A few years ago, my husband and I spent a glorious week in Maui. We had many adventures while there, both on the land and on and in the sea. I am sharing an excerpt from my 50 Life Stories collection about our Maui trip. This excerpt, from Story #32, is about traveling the (treacherous) Road to Hana. If you’ve never been, the sixty plus mile Hana Highway takes its passengers around 620 mountain curves and across 59 bridges (most are old and one-lane). 😨
Some paths are supposed to be walked on, even encouraged, and others come with a warning. Our Road to Hana tour guide, Alex, considered the, “Warning – Stay off the Path” sign a suggestion, not anything to be taken seriously. We followed Alex, passed the sign that warned us to turn around.
“Oh, that’s just there to keep tourists safe,” Alex said, as he forged ahead.
“Wait!” “What are we?”
Alex didn’t hear or chose not to respond to my question. He was either going to lead us into the adventure of a lifetime or to our deaths. As I walked past the small wooden sign, my body, like a magnet, wanted to cling to the sign, before peeling myself away from the group, and running back to the safety of the van. I am not comfortable breaking the rules when those rules come with a DANGER warning. I did not want to be the dumb tourist who makes the evening news for, well, being a dumb tourist. The type of news that is tragic for a second, then the tone quickly turning to a “they deserved it” attitude after the newscaster explains how the area was clearly marked with a warning sign. I began to search my mind for proof that Alex was a credible driver who would not lead us into harm. He had brought us this far on the “death road,” as it is often called, he was incredibly knowledgeable about the island’s history and politics, and he was hired by a tour company. Surely, some vetting took place. I assumed. But … he was extremely late picking us up. So late, he was, that we thought our Road to Hana dreams had vanished.
Alex told us that most group tours start on the north side of the island and make their way south. He, on the other hand, preferred to go against the flow and start on the southern tip of the island and then spend the day traveling north. He planned on taking us through an area that rental cars were not allowed to travel across. For those who choose ignore the signs, they were traveling at their own peril.
“See,” I whispered to John. “If you drove, we wouldn’t get to see that section.”
My husband had wanted to drive our rental Jeep, but I insisted that we go with a tour guide – someone who knew the road. Then John would be able to relax and enjoy the ride. I am not sure how relaxing it is, ever, when you are the one usually in control of the wheels. But, my husband agreed, and I was making sure he heard a convincing argument for giving up the keys that morning.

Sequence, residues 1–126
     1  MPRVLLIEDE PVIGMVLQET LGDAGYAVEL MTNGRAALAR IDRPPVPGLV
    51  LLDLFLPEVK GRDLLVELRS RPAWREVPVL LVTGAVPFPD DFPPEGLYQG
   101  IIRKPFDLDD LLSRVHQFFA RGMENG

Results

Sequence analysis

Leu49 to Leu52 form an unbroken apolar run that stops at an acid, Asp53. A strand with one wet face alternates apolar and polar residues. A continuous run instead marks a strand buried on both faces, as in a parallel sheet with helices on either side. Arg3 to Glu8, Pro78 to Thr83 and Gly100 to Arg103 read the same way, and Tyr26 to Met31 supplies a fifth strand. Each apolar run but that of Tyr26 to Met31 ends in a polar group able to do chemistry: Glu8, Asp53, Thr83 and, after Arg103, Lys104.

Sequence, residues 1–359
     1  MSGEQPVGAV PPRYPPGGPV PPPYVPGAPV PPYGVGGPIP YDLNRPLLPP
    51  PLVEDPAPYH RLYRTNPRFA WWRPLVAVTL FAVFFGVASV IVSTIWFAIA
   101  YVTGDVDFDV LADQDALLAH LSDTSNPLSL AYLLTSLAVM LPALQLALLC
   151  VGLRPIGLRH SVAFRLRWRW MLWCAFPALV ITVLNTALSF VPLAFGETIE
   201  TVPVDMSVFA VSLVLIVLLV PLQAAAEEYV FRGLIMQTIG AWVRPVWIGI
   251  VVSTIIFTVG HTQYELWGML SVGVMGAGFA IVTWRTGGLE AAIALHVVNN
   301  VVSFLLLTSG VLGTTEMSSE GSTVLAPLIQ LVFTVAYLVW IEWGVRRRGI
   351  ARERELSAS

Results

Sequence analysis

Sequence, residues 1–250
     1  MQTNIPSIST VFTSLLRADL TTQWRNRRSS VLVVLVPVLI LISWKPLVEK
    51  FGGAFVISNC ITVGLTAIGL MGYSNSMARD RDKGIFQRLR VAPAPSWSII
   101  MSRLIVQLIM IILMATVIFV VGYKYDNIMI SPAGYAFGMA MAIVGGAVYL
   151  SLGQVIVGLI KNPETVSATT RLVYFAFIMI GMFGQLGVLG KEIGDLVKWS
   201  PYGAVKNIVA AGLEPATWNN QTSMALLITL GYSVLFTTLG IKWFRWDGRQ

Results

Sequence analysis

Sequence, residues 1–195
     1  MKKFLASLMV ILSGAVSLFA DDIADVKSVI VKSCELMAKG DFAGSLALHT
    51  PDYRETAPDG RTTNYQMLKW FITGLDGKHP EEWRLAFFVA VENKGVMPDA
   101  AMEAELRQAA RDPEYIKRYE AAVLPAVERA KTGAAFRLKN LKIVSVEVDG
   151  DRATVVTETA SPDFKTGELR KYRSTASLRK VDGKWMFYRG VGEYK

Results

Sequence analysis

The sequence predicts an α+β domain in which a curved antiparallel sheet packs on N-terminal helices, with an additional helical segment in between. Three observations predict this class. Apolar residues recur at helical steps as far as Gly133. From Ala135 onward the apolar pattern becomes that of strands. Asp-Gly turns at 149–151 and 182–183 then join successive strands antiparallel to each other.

Alex began talking as soon as we entered the van and did not stop talking for the next 13 hours. I suspect Alex, was talking before we got on the bus and probably kept talking long after we exited. Alex told us about the agriculture in the area, the politics, the local history, including his own. He also told us about fatalities that occurred on the road, even detailing one high profile plunge over the side of a steep cliff, as we were driving by the exact location. The deadly location came near the end of our journey, but the information revealed was no less terrifying. He told us the story of the popular Yoga reality stars, twin sisters, who plunged over the cliff after fighting in the car. The incident left one sister dead and the other charged with second-degree murder. I did not know who he was talking about and frankly, I could have lived without learning of the tragic history of that steep cliff just beyond the curve in the road. Even though we were nearing the end of our day together, we were still traveling across a dangerous one-lane road, where at any turn, we could have faced an oncoming vehicle and our own mortality. Every time we made it safely around a blind curve, I could breathe a little easier and my praying could pause, at least momentarily.
Despite Alex’s inability to stop talking, for even five minutes, he was a wealth of information, and our day would not have been the same, or as experiential, if just the two of us had ventured out on our own. He told us about the history of the old wooden bridges that connected the curvy road fifty-nine times, and he shared the location of a hidden church, a famous burial site, movie locations, waterfalls that fed into cool swimming pools, hidden beaches, and he enticed us to try strange fruit in the yard next to the church. He had safely and calmly maneuvered us past a potentially volatile situation when we had encountered a smaller vehicle head-on when rounding one of the many blind curves.